Looking for Jake and Other Stories by China Miéville
I never fail to be impressed by China Miéville. There are few genuine literary innovators in the genre, and Miéville is arguably the best of them. Looking for Jake and Other Stories is his first collection of short stories, containing fourteen overall, most notably his novella The Tain. Since I haven’t revieweda book of short stories before, I’m going to experiment and take a quick look at all of them and briefly assess their successes and failures (but mostly successes).
Looking for Jake
The titular Looking for Jake established the primary theme which runs through the collection; London. The unnamed protagonist is combing a London which has suffered a vaguely defined apocalypse to find his closest companion Jake. The bizarre apocalypse to have befallen London has a wonderfully ill-defined quality to it, and Miéville spells nothing out for us. Although I was impressed enough by this story at first, I do find it somewhat odd that this was the one chosen to headline the collection, as it’s arguably actually one of the weaker stories. Very similar themes to this story are re-explored in other stories in the collection, and to greater success. It’s still a treat to read however, and this means that it doesn’t fall into the common anthologising trap of setting such as high bar at the opening of the collection that nothing else manages to live up to it.
Foundation is the only story which contains no element of the supernatural, but it is certainly very strange. It tells the story of a contractor and veteran of the first Gulf War, haunted by the atrocities he committed in Iraq. Miéville has long been a staunch human rights advocate and critic of military incursions in the Middle East by the West, and this is the most overtly representative of current events in the collection. Although other stories certainly reflect Miéville’s left wing leanings, in few is it as overt as in this one. It is interesting that Miéville’s sympathetic protagonist of the tale is the committer of the atrocity rather than the victim, reflecting that unrestrained military jingoism can destroy the lives of people on either side of a conflict.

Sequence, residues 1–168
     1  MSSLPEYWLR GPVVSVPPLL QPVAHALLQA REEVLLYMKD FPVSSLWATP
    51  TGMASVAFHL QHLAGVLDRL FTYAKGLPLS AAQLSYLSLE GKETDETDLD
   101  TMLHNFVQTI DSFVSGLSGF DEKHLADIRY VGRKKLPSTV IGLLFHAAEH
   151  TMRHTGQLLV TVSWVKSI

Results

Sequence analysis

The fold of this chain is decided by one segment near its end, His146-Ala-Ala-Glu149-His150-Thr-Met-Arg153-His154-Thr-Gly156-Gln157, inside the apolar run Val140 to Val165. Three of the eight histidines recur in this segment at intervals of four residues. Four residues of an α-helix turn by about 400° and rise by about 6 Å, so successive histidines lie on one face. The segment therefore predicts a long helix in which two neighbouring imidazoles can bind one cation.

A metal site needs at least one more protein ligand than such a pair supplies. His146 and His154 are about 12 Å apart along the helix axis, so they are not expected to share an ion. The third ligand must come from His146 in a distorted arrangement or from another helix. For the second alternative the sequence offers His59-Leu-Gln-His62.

The Ball Room
The Ball Room is probably the most straight forward story in the collection, but that doesn’t stop it from being one of the most fun. It’s a rather chilling little story about the ball pens found to entertain the children in department stores. The satire upon consumerism is somewhat heavy handed in this one, but it’s hard to get too wound up by it because it’s just such an entertaining read. I really won’t say much more about this one, as to say much more would be to give it away.
Reports of Certain Events in London
Now, this is a spot on example of the kind of innovation that makes Miéville such an impressive writer. The underlying concept off the story is that the author China Miéville has accidently received a package intended for a certain Charles Melville. The package contains a series of different texts, from committee minutes to letter, which Miéville presents in order to the reader. The different texts tell an interesting, somewhat Neil Gaiman-esque tale which is made all the more fun to read about for the intriguing way it is presented (I’m beginning to realise that Miéville has quite a lot in common with Mr. Gaiman.)
This is one of the creepiest stories in the collection, and does an excellent job of undermining expectation. At the beginning of the story, the tale is told from the point of view of a witch who creates a familiar (an animal consort) to bolster his power. Disgusted by the grotesque creature that results, he dumps the familiar in a canal in London. The POV shifts at this point from the witch to the familiar, as it makes its way through London, growing as it does so. What is set up as a fairly standard Frankenstein-esque story , tutting at the hubris of creating life and playing god becomes something much more interesting as we are privy to the alien thought processes of the familiar. This is probably the strangest story in the collection, but certainly one of the most compelling and unique.
Entry Taken from a Medical Encyclopaedia
Miéville wrote a summary of a fictional disease for an anthology of fictional diseases for The Thackery T. Lambshead Pocket Guide to Eccentric & Discredited Diseases which also contained contributions from writers such as Michael Moorcock and Neil Gaiman. It’s a fun and whimsical couple of pages, of which I shall say no more.